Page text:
Survey paints picture of desperation for self-employed

Employers and the Self-employed survey reveals that for the majority of the self-employed the reality is poverty and poor working conditions. (Gallo)

Employers and the Self-employed survey reveals that for the majority of the self-employed the reality is poverty and poor working conditions. (Gallo)

The middle-class dream is of independence, and perhaps, eventually wealth. But for the vast majority of the self-employed in South Africa, especially those in the informal sector, the reality is desperation, poverty and poor working conditions.

Statistics South Africa on Thursday released the results of its Survey of Employers and the Self-employed, conducted every four years since 2001. The survey targets informal businesses by interviewing those who are in business for themselves, but are not registered for value-added tax.

The results show a sector which, despite hopes for its ability to create jobs, remains largely a last resort, for good reasons.

Of the estimated 1.5-million people operating informal businesses at the end of 2013, StatsSA said, more than 85% had a monthly turnover of less than R6 000, and nearly 65% had a monthly net profit of less than R1 500, less than the minimum wage in many sectors.

The amenities available to those operating such business show “the extent to which the entities are survivalist in nature”, StatsSA said. Forty percent of respondents had to leave their place of work to get to a tap, 28% had no electricity on site, and 8% had no toilet facilities of any kind available to them, even though most conducted business from their own homes.

Of those surveyed, 76% said they were running their own business because they had no alternative way of making sufficient money, or had been retrenched. Less than 3% said their businesses were better than previous work or had the likelihood to make them decent incomes, and less than 4% said they liked the business activity they were engaged in.

Broad economic fluctuations
Between 2009, the date of the last survey, and 2013, the number of self-employed at informal businesses increased from 1.1-million to 1.5-million, but it was still far below the 2.3-million StatsSA reported in 2001. That seemed to be directly linked to broad economic fluctuations well out of the control of those who felt them impact.

“In every province, except Gauteng and Northern Cape, and reflecting the effects of the global recession – over the period 2001 to 2013, there was an increase in the proportion of people who stated unemployment as the main reason for being involved in informal businesses,” StatSA said in its analysis of the data.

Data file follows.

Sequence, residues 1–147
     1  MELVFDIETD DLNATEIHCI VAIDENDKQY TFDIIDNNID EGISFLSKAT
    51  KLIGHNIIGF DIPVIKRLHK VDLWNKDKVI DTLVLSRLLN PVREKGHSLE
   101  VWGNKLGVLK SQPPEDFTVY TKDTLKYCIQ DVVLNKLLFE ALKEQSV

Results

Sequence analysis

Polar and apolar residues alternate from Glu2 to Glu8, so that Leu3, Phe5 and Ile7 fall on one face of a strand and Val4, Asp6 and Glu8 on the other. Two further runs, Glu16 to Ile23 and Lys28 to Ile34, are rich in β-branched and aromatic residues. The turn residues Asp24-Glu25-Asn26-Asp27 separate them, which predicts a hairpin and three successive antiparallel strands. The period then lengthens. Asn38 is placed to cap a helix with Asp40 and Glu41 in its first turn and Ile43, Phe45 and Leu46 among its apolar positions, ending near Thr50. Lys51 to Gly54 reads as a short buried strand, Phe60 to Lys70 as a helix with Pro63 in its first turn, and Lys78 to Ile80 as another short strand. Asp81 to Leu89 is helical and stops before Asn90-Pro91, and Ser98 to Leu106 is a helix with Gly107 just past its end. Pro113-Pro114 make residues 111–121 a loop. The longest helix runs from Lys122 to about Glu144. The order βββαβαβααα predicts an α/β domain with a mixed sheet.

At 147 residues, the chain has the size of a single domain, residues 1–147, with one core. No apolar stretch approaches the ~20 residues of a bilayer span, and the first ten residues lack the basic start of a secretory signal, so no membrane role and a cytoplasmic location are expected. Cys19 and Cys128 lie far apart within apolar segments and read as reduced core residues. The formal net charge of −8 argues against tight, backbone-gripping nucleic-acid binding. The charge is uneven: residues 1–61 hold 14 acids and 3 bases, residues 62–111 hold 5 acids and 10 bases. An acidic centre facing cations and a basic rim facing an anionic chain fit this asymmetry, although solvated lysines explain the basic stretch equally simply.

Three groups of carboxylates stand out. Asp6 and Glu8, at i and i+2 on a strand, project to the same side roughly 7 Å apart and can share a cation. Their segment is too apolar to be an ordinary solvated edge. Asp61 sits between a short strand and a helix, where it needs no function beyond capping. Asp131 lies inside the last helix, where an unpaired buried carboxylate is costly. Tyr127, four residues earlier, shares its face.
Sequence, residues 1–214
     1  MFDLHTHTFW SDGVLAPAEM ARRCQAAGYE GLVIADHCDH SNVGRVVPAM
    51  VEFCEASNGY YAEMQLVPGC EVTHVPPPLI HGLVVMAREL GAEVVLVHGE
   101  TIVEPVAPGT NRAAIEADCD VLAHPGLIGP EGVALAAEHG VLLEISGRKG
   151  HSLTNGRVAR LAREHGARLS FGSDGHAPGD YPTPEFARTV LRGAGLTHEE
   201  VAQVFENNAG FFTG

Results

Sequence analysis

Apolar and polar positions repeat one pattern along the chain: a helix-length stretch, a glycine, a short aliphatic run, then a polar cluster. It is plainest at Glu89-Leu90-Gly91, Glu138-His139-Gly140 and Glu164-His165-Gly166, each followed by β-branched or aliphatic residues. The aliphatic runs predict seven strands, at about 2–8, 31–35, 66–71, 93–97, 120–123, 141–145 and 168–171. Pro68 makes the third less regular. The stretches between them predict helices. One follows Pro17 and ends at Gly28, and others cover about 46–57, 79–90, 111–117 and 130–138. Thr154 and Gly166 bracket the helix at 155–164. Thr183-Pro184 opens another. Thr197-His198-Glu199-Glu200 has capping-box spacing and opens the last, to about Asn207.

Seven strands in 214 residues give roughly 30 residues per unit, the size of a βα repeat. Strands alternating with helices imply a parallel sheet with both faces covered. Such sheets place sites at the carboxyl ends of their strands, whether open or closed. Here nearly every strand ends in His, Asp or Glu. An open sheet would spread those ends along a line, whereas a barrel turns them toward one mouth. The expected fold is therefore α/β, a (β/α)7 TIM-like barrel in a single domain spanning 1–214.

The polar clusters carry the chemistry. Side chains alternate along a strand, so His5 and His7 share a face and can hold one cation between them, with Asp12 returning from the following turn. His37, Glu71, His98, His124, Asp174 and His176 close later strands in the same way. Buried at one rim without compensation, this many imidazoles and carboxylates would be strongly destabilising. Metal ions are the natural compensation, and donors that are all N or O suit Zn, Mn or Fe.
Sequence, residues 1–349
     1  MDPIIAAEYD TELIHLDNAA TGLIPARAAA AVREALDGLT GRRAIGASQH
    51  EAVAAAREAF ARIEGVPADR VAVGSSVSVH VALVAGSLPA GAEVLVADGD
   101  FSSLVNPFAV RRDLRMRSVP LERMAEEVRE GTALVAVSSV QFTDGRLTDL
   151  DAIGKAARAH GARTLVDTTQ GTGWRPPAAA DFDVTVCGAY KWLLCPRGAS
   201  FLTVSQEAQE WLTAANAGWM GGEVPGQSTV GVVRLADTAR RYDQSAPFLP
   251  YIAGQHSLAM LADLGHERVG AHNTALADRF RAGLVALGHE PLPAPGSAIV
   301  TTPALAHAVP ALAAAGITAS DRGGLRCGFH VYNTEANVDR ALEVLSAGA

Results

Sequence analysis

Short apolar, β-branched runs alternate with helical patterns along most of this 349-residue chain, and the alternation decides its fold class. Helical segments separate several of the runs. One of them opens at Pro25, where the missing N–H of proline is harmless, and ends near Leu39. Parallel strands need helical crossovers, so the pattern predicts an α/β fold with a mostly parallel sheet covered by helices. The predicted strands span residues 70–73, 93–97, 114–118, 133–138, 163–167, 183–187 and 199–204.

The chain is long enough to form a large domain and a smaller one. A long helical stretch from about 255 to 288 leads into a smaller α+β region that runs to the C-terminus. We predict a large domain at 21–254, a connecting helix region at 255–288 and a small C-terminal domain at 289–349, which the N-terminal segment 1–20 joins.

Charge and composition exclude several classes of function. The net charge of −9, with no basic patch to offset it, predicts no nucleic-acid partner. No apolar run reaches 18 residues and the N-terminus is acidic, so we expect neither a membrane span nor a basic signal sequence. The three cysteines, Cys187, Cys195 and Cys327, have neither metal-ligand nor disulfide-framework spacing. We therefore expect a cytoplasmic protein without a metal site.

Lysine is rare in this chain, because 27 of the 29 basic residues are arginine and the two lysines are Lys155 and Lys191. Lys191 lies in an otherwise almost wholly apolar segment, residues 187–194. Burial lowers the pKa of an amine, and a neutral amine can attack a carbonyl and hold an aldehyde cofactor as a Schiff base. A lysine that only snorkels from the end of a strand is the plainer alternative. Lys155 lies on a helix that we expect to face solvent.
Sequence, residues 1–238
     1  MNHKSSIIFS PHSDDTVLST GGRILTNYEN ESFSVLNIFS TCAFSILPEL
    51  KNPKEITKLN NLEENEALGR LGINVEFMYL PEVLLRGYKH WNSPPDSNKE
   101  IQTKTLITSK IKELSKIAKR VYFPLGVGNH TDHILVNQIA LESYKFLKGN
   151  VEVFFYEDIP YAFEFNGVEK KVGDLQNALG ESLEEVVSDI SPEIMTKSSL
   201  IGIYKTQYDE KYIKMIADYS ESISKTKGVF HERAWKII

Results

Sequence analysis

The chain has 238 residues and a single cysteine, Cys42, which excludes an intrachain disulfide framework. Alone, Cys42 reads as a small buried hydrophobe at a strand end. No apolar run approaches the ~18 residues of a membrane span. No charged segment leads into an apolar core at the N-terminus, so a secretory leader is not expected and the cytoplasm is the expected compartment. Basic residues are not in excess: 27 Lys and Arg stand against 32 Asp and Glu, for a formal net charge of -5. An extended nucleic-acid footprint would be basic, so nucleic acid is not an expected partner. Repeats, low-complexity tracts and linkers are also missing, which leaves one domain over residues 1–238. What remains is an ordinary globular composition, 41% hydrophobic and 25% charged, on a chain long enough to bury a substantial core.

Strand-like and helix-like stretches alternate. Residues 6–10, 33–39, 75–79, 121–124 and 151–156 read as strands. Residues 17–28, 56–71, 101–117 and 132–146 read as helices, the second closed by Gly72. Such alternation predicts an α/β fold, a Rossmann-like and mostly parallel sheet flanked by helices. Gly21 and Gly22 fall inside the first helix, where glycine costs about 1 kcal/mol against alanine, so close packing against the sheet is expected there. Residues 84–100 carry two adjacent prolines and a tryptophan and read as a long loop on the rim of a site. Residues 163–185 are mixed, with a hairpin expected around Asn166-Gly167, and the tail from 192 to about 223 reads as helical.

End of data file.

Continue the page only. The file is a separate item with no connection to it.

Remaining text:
More than 80% of the business operators said they had no access to credit in any form, and no prospect of a loan from a commercial bank that would allow expansion.

 
Phillip de Wet

Phillip de Wet

Phillip de Wet writes about politics, society, economics, weird stuff, and the areas where all of these collide.Over the past decade and a half, he has also written about telecommunications, sexually transmitted diseases (STDs), property development, civil liberties, riot policing, mining, movies, the media, and UFOs, among other topics.But never about serious sport, which he knows nothing about.He studied journalism and has never been anything other than a journalist, except for ill-considered stints as a media trainer and starting up new newspapers, magazines and websites, a suspiciously large percentage of which are no longer in business.PGP fingerprint: CF74 7B0F F037 ACB9 779C 902B 793C 8781 4548 D165 Read more from Phillip de Wet

Comments

blog comments powered by Disqus

Client Media Releases

Pragma scores impressive marks for enterprise development
Sanral's intelligent transportation system wins SAICE award
ITWeb Brainstorm joins MTN's Women in ICT Awards
Upskilling in the age of the expert entrepreneur
Complex marketplace demands 'smart strategy'
Orphan Daniel Frank shines with Pragma bursary
Sanral concludes wild week
Preparing e-mail archives for a cloud migration